The next step was to meet the buyer at a civil registry to have the vehicle transferred into Lisa’s name, and then to pay the seller. When we arrived at 9am the lineup was already outside of the door and nearly around the corner. Yikes. While Lisa was busy with that, Elliott went about accessing a few thousand dollars worth of Chilean pesos. Everybody said Western Union was fast and easy, but we knew to expect the unexpected, and sure enough, the transaction was blocked by not one but two layers of bureaucracy! Thank god for Skype credit and telephone agents for sorting that one out in the nick of time.
Just after that was sorted, Lisa and the seller were called up to the counter. Only a few seconds into the conversation, the frown of the civil registry said it all, followed by the dreaded “imposible” that nobody ever likes to hear from a bureaucra
t. Lisa insisted. So did the bureaucrat. “But there are tons of travelers who aren’t Chilean who register vehicles!” “Not at this office.” She even called over her supervisor, who was also adamant that it was impossible. Our hearts sank. But perhaps, we thought, a notary could do it as we had read online. At that point we were skeptical, but we were willing to try anything, so into the seller’s truck, off to the outskirts of town, into the office of another notary, and again, “imposible.” No, it couldn’t be! Lisa explained. She pleaded. She waited. The notary looked something up. He asked his manager. She didn’t know either. He did some research. He came back. He gave a thumbs up! It worked! We did it! We owned the car!!! Back to the seller’s house, exchange of cash and keys, and off we went in our very own Volkswagen Beetle!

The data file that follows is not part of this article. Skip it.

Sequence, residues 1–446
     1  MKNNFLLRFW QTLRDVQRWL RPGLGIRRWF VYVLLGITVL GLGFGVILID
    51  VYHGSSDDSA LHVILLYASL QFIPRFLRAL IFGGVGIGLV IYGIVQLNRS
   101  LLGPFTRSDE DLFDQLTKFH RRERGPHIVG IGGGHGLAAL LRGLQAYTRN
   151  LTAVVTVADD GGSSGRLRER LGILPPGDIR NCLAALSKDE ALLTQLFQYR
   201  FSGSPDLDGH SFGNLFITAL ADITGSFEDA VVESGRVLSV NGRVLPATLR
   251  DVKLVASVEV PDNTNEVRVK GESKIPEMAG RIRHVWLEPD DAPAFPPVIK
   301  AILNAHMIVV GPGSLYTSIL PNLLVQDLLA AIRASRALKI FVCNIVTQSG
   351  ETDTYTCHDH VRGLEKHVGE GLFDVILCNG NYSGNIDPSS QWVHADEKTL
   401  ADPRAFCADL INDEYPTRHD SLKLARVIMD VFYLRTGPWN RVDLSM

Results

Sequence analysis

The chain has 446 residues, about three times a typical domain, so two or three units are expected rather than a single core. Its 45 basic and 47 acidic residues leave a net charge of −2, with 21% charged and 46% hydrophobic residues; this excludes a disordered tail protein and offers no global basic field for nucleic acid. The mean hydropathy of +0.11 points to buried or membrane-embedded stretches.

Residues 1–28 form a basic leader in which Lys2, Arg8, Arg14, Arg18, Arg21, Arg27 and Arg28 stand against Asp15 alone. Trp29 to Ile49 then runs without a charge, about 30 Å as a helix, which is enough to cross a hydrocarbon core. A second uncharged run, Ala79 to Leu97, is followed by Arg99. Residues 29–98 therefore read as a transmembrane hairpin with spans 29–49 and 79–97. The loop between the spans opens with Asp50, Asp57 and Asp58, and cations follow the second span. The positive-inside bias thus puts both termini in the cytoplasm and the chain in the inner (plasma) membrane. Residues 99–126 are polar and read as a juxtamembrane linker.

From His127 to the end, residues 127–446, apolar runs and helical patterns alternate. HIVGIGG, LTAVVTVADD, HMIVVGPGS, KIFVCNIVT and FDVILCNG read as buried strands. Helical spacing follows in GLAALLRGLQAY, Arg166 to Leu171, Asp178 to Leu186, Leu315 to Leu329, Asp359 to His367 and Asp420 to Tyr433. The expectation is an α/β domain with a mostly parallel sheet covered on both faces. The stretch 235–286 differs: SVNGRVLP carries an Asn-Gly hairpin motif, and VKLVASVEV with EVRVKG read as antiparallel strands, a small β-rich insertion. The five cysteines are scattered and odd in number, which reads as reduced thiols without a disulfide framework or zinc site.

Introducing: [insert beetle name here]
We have a beetle! We’re not sure what to call it yet, but it will tell us its name once we really begin our journey together.
First stop? Back to the mechanic. We spent a few hundred bucks to get everything brought up to safe and reliable order, checked and did some maintenance on a few other things on our own, and now we are ready to head off into the South America wilds with a tiny little car with tons of character. Will it get us where we need to go? Hopefully. Will it break down on the way? Maybe, but that’s all part of the adventure. Will it be the trip of a lifetime? We sure hope so!
Ready for the road, introducing: